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Spotlight on Classical Organ Music Composed by those of African Descent (Part 2 of 4)

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  • Spotlight on Classical Organ Music Composed by those of African Descent (Part 2 of 4)

    Dear People (as the conductor Robert Shaw would begin his addresses),

    This week's post was difficult to write from the standpoint of gathering information to distill into five points. The historical and musicological understanding of this week's composer, Samuel Coleridge-Taylor (1875-1912), is largely in its infancy. He died terribly young, and lived in a time of casual racism and patronizatiion (very clearly reflected in the sources that I consulted that were contemporaneous with his lifetime).

    It's not all doom and gloom, however. There are some dissertations being written about him, and there have been efforts to get his music more widely played. Calliope, a musical organization in Boston, put in his nearly-forgotten Endymion's Dream, and Chineke! Orchestra of recent BBC fame endeavors to play one of his pieces every season.
    *****



    Facts about Samuel Taylor-Coleridge
    1. Samuel Taylor-Coleridge's claim to fame is his choral-orchestral The Song of Hiawatha, a trilogy consisting of Hiawatha's Wedding Feast, The Death of Minnehaha, and Hiawatha's Departure. The first of these won him praise from the "old heads" of music in England. The text comes from Longfellow's work of the same name. Coleridge-Taylor named his son Hiawatha in admiration of the eponymous Indian chief.
    2. Coleridge-Taylor's earliest recognition as a composer came by way of a scheduling conflict: Elgar, having been commissioned to compose a work for the 1898 Three Choirs Festival, found that he had overbooked himself. He asked the organizers to work with Coleridge-Taylor instead, and called him "far and away the cleverest fellow going amongst the younger men." The result of that commission was the Ballade in A minor.
    3. Coleridge-Taylor, in addition to his son Hiawatha, had a daughter named Avril. Like Imogen Holst, Avril Coleridge-Taylor followed in her father's footsteps and became a notable composer-conductor.
    4. Samuel Coleridge-Taylor was a student of the famed organist/composer/pedagogue Charles Villiers Stanford. Stanford was one third of the triumvirate responsible for the musical renaissance in the UK (Parry and Mackenzie being the other two), and personally taught many in the 'modern' English school of composition.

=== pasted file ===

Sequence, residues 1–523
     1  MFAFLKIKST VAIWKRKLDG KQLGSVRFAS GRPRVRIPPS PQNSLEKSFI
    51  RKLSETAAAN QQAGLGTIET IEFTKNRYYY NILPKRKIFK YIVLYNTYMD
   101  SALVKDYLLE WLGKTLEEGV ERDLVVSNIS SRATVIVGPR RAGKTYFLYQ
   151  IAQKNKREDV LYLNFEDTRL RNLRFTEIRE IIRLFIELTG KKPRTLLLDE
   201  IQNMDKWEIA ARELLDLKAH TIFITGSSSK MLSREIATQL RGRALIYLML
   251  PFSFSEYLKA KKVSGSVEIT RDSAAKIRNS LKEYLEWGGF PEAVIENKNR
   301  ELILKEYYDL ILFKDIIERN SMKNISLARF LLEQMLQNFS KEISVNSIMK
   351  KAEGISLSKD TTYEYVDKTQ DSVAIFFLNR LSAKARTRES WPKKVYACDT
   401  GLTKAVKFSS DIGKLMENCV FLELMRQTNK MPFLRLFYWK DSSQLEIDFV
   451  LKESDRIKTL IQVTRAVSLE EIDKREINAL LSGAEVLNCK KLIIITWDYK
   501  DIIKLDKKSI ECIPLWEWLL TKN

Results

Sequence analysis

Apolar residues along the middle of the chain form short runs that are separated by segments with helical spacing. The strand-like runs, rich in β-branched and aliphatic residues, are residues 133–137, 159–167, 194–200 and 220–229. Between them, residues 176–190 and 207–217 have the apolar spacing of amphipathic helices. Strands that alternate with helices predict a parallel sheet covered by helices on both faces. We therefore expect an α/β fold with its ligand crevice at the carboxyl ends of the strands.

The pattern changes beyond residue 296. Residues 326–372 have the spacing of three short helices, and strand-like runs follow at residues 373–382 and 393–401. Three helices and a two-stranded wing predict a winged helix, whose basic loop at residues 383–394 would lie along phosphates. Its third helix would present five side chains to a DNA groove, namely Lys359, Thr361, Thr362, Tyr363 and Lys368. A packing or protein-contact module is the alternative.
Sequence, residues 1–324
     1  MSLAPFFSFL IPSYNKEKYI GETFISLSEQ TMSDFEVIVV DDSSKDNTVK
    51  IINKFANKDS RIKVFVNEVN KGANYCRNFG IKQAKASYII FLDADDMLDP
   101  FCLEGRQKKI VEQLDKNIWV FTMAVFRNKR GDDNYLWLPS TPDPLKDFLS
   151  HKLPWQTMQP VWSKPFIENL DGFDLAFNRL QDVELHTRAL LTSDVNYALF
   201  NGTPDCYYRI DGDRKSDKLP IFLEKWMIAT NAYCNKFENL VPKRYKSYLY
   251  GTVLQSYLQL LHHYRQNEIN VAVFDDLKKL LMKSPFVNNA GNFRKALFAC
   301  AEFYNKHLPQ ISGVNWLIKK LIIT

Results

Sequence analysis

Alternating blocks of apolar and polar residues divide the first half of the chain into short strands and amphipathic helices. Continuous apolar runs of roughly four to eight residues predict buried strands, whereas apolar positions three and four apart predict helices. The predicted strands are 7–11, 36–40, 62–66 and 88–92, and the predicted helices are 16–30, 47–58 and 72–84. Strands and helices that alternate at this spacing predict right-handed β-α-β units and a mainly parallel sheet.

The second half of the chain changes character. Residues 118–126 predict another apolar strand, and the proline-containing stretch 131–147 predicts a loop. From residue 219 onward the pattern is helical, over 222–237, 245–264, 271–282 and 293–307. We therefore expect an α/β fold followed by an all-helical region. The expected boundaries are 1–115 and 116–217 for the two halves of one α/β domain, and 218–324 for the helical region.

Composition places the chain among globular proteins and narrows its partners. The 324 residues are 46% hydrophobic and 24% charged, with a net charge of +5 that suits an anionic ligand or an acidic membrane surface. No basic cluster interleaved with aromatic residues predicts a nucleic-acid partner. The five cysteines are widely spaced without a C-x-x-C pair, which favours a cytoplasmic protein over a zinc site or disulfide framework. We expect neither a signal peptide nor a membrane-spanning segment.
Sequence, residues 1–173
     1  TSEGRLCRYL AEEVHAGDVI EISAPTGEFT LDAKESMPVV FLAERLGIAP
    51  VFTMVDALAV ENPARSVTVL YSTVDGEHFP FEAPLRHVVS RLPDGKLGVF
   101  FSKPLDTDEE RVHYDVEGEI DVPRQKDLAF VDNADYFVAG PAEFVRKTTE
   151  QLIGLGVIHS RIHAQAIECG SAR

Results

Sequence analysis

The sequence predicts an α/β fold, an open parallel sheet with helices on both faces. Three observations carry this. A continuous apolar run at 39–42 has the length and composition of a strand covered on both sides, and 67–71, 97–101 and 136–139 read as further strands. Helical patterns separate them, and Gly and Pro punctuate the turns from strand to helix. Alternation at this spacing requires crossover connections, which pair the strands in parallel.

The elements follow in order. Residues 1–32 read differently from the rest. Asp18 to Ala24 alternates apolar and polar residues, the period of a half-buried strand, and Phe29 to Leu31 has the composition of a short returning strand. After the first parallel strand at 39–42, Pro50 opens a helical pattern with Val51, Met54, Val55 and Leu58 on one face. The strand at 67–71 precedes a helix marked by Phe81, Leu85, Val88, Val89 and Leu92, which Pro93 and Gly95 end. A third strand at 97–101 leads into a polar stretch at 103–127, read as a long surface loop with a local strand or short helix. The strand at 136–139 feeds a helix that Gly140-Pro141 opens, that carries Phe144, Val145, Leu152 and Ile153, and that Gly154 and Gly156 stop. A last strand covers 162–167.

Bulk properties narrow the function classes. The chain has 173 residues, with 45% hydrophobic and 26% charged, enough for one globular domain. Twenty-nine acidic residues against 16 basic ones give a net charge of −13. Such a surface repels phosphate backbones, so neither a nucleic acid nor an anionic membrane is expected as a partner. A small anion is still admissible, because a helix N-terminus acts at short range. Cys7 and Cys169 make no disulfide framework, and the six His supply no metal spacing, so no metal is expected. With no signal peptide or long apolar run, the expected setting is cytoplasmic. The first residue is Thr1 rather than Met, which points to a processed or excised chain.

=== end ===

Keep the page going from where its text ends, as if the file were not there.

The music

    I offer to readers this week Coleridge-Taylor's Impromptu No. 1 from Op. 78 -- Three Impromptus. This is a rather late set of pieces in the composer's output, as I believe the opus numbers for his catalogue go only up to 82. I won't say much about the piece, as I'd like for you to listen and draw your own conclusions. I will say, however, that it is compositionally quite different from the organ works that his teacher and many of the European organ composers of the era were putting out.

    Coleridge-Taylor didn't put much out specifically for the organ--six pieces I believe--but Hull (who wrote a very solid book on organ playing to which I still refer on occasion) arranged a few others for the instrument.


    For more information...

    As I mentioned earlier, there is not a wealth of information on Samuel Coleridge-Taylor yet, or at least there is not in forms that could be easily accessible by most members of the forum (RILM, Grove's, etc.). I would recommend this video of Avril Coleridge-Taylor talking about her father, as well as the standard Wikipedia article.

    If you want a sense of what I was talking about in terms of casual racism and the like, you may reference the contemporary articles on the composer through Google Books.
    Last edited by DEWII; 02-09-2019, 06:29 AM.

  • #2
    Fascinating, thank you!

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